By Andrea Mitchell
My name is Andrea Mitchell and this is my MOG story. I am hoping to help other people going through this condition understand the importance of getting immediate treatment when having a relapse. I was 45 years old, when I had a clostridium difficile infection and amoebas after my husband and I returned from our Cabo trip. I had to take antibiotics for 3 months. I woke up on October 1,2011 and had a horrible migraine and pain in my left eye. I saw an ophthalmologist the next day. He noticed that my optic nerve was swollen in my left eye and that was causing the blurriness. I could tell by his expression that something was wrong. He sent me to the emergency room where they admitted me into the hospital. The doctor came in and explained that after running a series of test, that my MRI showed enhancements in my left optic nerve. I was given IV steroids and discharged. They gave me 4 days of liquid prednisone and a referral to a neurologist. The steroids didn’t work.
The neurologist was very concerned about what was going on. He did some more blood tests and a spinal tap. He also referred me to a neuro-ophthalmologist. The neuro-ophthalmologist did more blood tests and everything came back normal including my spinal tap. It was not standard practice to do a MOG antibody test. I was his first patient with this disease and today he has 8 patients. He first put me on 60 milligrams of prednisone. Within 2 weeks I woke up completely blind in both eyes. I was so scared. We tried 1,000 grams of IV steroids for 3 days. I didn’t get any of my sight back. He then suggested plasma exchange (PLEX). I did get a good amount of sight back in my right eye. It was at 20/50. My left eye remained blind. Since my relapses were not under control, I lost the majority of sight in my right eye.
I was determined in finding answers. Over the last 7 years, I have seen doctors at Kaiser, Stanford, Mayo and UCSF. The best suggestion that I received was from my doctor at UCSF to get the MOG antibody test in 2013. My doctor had to fight to get that test but he was finally able to send my blood sample to Oxford. I finally got some answers. My test came back positive. Before getting the correct diagnosis, multiple times I had been misdiagnosed by the Mayo clinic as I was told that I had CRION, which is Chronic Relapsing Inflammatory Optic Neuritis. I was on 60 to 90 mgs of prednisone for 5 years straight and gained 100 lbs. I went into menopause the first year of taking steroids. It took 2 years for my diagnosis and that time might have cost me my sight. I was often hearing things like, “Let’s wait and see what happens.” Some doctors insisted that having MOG Antibody-Associated disease was not as devastating as Aquaporin-4 positive NMO, and that the recovery was much better. I beg to differ as I am legally blind. I had to be my own advocate and insist in seeing other doctors in order to find one that understands this condition.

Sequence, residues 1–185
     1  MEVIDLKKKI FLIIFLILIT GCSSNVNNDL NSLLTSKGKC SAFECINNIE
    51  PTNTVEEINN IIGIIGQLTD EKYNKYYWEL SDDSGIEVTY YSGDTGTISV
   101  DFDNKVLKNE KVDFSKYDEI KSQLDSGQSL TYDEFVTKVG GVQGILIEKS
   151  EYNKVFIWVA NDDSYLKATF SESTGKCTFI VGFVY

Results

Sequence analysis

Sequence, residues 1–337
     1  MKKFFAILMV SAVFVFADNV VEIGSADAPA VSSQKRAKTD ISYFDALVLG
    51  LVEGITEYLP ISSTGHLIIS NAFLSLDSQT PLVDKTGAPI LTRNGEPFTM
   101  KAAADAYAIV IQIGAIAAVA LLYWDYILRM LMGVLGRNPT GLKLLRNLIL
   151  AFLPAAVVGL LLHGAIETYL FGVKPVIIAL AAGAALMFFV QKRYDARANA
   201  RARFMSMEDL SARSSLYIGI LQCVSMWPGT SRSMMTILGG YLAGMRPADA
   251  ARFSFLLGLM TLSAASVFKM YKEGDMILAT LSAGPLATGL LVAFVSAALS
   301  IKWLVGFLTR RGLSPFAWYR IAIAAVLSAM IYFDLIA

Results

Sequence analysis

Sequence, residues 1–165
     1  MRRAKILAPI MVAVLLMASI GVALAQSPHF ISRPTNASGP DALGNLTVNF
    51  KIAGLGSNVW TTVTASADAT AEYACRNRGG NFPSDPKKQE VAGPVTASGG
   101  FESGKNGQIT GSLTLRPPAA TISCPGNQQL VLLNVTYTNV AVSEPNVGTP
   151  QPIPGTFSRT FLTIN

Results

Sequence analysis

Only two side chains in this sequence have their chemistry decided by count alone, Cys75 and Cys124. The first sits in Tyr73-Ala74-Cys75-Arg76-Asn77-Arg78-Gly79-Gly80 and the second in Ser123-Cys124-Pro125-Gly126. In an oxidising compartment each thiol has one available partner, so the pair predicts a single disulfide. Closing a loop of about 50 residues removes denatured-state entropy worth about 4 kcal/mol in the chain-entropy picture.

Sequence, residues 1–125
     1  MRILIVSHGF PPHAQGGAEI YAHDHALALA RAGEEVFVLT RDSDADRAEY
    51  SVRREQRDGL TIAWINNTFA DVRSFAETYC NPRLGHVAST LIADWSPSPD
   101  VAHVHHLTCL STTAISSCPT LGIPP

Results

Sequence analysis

I tried IVIG as a preventative but had to stop as I was getting very sick. I got horrible migraines, nausea and vomiting from it. I then switched to Methyltrexate and have been stable for quite a while months. I have also had no luck with Rituxan, Cellcept and Imuran. Also, I have had 2 episodes of hearing loss. This was confirmed to be relapse related by blood work and MRI of the inner ear canal. I often wonder if I might not be legally blind today if the MOG antibody test existed or if doctors were aware of it back then. I have attended a blind school and received a beautiful guide dog named Newcastle. All of this has helped me remain independent. I had to learn how to walk, cook, use adaptive technology, acquire daily living skills and use a computer. Being blind is not easy but you can adapt with the right training. I have a wonderful and supportive husband who has remained by my side from the beginning. We go to the Guthy-Jackson Charitable Foundation medical conferences every year in hopes of finding out new discoveries. I am now part of The MOG Project and a support group leader with the Siegel Rare Neuroimmune Association (SRNA). I joined the group so that I can help others with their MOG diagnosis. My hopes are to inform, educate, promote advocacy, support and provide awareness of all of the resources that are available. I also hope to provide some ideas on how to make The MOG Project websites as patient-friendly as possible. I look forward to helping as many people as I can. The best advice that I can offer is to never stop searching for answers, even when you feel like it is going nowhere. Keep yourself up to speed on the information that is available. If you have optic neuritis, transverse myelitis, or any other related symptom, don’t be afraid to ask for the MOG Antibody test to be included with the other tests. It may save you from having severe disability. Remember that timing is of the essence.